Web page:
Histologic comparison of skin biopsy specimens collected by use of carbon dioxide or 810-nm diode lasers from dogs

Lillian B. Rizzo DVM1,2, Jerry W. Ritchey DVM, PhD, DACVP3,4, Russell G. Higbee PhD, DVM5,6, Kenneth E. Bartels DVM, MS7, and Michael D. Lucroy DVM, MS, DACVIM8,9
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  • 1 Department of Veterinary Clinical Sciences, College of Veterinary Medicine, Oklahoma State University, Stillwater, OK 74078.
  • | 2 Present address is Sonora Veterinary Specialists, 13442 N 50th St, Scottsdale, AZ 85254.
  • | 3 Department of Veterinary Pathobiology, College of Veterinary Medicine, Oklahoma State University, Stillwater, OK 74078.
  • | 4
  • | 5 Department of Veterinary Clinical Sciences, College of Veterinary Medicine, Oklahoma State University, Stillwater, OK 74078.
  • | 6 Present address is Sciperio Incorporated, 5202-2 N Richmond Hill Rd, Stillwater, OK 74075.
  • | 7 Department of Veterinary Clinical Sciences, College of Veterinary Medicine, Oklahoma State University, Stillwater, OK 74078.
  • | 8 Department of Veterinary Clinical Sciences, College of Veterinary Medicine, Oklahoma State University, Stillwater, OK 74078.
  • | 9 Present address is Department of Veterinary Clinical Sciences, School of Veterinary Medicine, Purdue University, West Lafayette, IN 47907.

Abstract

Objective—To compare histologic artifacts caused by carbon dioxide (CO2) or 810-nm diode surgical lasers used to obtain small biopsy specimens of skin from healthy dogs.

Design—Prospective study.

Animals—4 dogs.

Procedure—21 skin biopsy specimens were collected from each dog. Three biopsy specimens were obtained with a CO2 or an 810-nm diode laser at 3 operating settings each, and 3 biopsy specimens were obtained with a 6-mm biopsy punch instrument (controls). After processing, biopsy specimens were examined for artifacts related to laser-tissue interactions. Microscopically visible char was measured from the lateral edge of each specimen obtained with a laser.

Results—There were no significant differences among mean char distances in biopsy specimens obtained with the CO2 laser at various settings. Mean char distance was significantly greater in all skin biopsy specimens obtained with the diode laser, compared with those obtained with the CO2 laser. Mean char distance was significantly greater in biopsy specimens obtained with the 810-nm diode laser at high power, compared with biopsy specimens obtained with the 810-nm diode laser at low power.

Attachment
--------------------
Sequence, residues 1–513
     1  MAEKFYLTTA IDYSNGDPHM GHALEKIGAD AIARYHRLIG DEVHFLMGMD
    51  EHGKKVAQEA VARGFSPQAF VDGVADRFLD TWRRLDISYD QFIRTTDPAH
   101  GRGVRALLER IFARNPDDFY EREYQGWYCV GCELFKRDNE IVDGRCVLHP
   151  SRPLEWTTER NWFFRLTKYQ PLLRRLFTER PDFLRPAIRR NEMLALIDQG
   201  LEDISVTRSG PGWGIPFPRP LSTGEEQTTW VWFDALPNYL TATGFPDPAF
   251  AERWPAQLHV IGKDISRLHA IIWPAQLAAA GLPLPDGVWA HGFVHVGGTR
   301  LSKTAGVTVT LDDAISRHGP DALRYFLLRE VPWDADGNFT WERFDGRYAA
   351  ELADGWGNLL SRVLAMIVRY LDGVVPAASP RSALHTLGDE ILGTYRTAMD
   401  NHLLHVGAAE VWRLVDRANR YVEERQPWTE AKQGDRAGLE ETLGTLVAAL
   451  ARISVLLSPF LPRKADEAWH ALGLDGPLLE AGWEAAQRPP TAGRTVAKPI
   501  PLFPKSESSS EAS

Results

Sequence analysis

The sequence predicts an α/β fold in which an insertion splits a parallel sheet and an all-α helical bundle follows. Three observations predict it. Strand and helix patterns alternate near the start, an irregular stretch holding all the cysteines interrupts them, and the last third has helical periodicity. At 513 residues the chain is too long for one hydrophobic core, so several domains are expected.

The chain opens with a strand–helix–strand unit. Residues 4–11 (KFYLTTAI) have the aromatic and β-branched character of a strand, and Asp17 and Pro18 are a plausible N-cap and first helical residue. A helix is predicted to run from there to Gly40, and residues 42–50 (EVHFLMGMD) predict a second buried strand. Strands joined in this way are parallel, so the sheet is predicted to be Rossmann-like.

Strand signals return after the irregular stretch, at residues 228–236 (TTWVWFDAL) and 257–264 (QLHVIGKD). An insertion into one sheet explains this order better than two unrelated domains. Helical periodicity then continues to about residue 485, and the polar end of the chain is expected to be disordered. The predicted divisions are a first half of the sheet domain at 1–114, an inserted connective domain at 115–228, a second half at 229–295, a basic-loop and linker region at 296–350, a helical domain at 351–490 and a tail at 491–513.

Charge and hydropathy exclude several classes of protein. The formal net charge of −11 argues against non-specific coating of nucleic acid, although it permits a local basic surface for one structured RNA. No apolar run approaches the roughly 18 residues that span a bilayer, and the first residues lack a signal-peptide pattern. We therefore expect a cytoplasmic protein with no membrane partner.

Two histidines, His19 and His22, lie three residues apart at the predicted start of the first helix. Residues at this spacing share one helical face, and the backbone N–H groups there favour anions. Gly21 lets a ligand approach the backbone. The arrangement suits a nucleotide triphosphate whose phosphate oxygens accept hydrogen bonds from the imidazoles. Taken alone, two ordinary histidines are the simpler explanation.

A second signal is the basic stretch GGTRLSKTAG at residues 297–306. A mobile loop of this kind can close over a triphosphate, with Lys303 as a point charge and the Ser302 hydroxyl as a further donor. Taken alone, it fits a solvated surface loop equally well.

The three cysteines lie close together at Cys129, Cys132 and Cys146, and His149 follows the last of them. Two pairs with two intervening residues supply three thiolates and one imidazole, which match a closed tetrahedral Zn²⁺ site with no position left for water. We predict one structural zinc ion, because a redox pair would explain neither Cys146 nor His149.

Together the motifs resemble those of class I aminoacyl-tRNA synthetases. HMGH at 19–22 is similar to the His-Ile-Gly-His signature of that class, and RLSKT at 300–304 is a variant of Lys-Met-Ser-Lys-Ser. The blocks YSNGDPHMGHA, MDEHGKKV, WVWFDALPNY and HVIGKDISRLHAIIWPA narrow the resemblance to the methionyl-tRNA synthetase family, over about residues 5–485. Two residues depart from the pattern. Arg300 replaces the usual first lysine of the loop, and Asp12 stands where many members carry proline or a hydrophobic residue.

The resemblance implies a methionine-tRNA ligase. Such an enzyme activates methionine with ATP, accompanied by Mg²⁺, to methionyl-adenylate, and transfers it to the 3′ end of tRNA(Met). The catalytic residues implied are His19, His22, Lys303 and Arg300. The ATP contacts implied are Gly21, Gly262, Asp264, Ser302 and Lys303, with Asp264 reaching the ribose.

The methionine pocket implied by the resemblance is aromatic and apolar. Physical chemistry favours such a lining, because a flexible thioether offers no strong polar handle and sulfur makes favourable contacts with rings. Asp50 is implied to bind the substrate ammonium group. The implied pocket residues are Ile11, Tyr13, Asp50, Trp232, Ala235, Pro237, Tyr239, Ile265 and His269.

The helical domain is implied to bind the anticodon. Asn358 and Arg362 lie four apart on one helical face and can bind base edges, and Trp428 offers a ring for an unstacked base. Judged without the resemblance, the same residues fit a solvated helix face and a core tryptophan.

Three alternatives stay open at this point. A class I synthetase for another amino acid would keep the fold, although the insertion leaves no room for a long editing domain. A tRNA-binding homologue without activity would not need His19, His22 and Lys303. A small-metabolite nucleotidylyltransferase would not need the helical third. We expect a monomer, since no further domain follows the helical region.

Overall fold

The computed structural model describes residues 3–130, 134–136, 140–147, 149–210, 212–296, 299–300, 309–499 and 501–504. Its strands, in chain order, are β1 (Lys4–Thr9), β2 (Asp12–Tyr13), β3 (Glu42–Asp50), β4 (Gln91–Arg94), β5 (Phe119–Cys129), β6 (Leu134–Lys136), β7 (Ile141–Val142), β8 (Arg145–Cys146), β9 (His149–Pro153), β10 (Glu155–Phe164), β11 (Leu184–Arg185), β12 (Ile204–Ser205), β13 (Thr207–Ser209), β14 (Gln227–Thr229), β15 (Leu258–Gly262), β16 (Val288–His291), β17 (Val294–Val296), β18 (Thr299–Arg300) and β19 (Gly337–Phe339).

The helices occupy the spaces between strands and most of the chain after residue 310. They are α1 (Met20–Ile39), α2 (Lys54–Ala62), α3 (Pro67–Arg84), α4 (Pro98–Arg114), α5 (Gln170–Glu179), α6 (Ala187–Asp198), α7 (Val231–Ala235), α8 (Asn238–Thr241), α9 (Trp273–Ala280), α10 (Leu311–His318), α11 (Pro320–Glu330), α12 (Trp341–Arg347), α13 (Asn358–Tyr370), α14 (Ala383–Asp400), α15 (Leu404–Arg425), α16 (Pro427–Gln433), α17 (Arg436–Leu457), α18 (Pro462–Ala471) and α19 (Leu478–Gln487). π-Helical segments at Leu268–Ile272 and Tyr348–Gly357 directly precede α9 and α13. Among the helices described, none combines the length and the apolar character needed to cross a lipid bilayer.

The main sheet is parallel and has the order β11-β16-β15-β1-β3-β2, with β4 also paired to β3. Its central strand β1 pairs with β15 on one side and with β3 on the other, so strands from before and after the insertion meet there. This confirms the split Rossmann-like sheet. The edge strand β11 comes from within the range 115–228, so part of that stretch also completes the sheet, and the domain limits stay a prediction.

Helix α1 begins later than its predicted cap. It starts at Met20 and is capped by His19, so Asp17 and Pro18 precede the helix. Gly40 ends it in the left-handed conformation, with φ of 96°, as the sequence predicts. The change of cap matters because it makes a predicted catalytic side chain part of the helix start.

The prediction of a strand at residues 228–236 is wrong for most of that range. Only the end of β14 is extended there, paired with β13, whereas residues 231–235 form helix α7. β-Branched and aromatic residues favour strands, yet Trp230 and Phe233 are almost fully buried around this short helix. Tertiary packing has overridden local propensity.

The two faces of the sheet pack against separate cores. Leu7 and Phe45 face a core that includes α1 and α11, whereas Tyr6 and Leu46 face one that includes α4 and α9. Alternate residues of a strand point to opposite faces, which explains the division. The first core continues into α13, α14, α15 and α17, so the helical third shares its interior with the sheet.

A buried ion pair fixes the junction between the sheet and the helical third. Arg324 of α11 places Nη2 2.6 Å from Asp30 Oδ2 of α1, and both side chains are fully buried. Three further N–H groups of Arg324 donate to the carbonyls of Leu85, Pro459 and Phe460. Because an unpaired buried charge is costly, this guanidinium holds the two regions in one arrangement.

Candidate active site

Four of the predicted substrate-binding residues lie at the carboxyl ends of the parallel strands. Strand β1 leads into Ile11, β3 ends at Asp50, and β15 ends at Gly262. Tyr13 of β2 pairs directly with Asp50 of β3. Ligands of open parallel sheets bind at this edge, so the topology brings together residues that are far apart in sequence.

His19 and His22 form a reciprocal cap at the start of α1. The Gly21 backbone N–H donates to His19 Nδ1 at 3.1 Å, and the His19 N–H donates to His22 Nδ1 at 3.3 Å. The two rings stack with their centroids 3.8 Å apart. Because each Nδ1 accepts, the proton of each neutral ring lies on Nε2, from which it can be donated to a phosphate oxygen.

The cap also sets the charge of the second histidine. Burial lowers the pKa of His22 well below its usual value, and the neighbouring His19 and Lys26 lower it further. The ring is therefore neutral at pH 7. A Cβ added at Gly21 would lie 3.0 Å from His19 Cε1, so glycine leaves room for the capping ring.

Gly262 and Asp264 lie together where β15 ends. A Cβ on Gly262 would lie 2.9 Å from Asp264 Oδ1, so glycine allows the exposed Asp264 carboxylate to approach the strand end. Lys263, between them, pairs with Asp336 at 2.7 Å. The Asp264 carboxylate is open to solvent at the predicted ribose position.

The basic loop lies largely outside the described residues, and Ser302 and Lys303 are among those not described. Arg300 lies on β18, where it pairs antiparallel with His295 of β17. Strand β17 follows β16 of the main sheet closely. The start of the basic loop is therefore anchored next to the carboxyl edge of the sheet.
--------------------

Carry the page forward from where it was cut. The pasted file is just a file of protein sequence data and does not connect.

Conclusions and Clinical Relevance—Results indicated that the CO2 laser caused less thermal injury at margins of skin biopsy specimens; therefore, if a surgical laser is used for removal of cutaneous masses or to obtain skin biopsy specimens, use of the CO2 laser is recommended. Veterinarians performing a biopsy by using a surgical laser should be aware that laser-induced artifacts may render small biopsy specimens useless for providing accurate histologic diagnosis. (J Am Vet Med Assoc 2004;225:1562–1566)

Abstract

Objective—To compare histologic artifacts caused by carbon dioxide (CO2) or 810-nm diode surgical lasers used to obtain small biopsy specimens of skin from healthy dogs.

Design—Prospective study.

Animals—4 dogs.

Procedure—21 skin biopsy specimens were collected from each dog. Three biopsy specimens were obtained with a CO2 or an 810-nm diode laser at 3 operating settings each, and 3 biopsy specimens were obtained with a 6-mm biopsy punch instrument (controls). After processing, biopsy specimens were examined for artifacts related to laser-tissue interactions. Microscopically visible char was measured from the lateral edge of each specimen obtained with a laser.

Results—There were no significant differences among mean char distances in biopsy specimens obtained with the CO2 laser at various settings. Mean char distance was significantly greater in all skin biopsy specimens obtained with the diode laser, compared with those obtained with the CO2 laser. Mean char distance was significantly greater in biopsy specimens obtained with the 810-nm diode laser at high power, compared with biopsy specimens obtained with the 810-nm diode laser at low power.

Conclusions and Clinical Relevance—Results indicated that the CO2 laser caused less thermal injury at margins of skin biopsy specimens; therefore, if a surgical laser is used for removal of cutaneous masses or to obtain skin biopsy specimens, use of the CO2 laser is recommended. Veterinarians performing a biopsy by using a surgical laser should be aware that laser-induced artifacts may render small biopsy specimens useless for providing accurate histologic diagnosis. (J Am Vet Med Assoc 2004;225:1562–1566)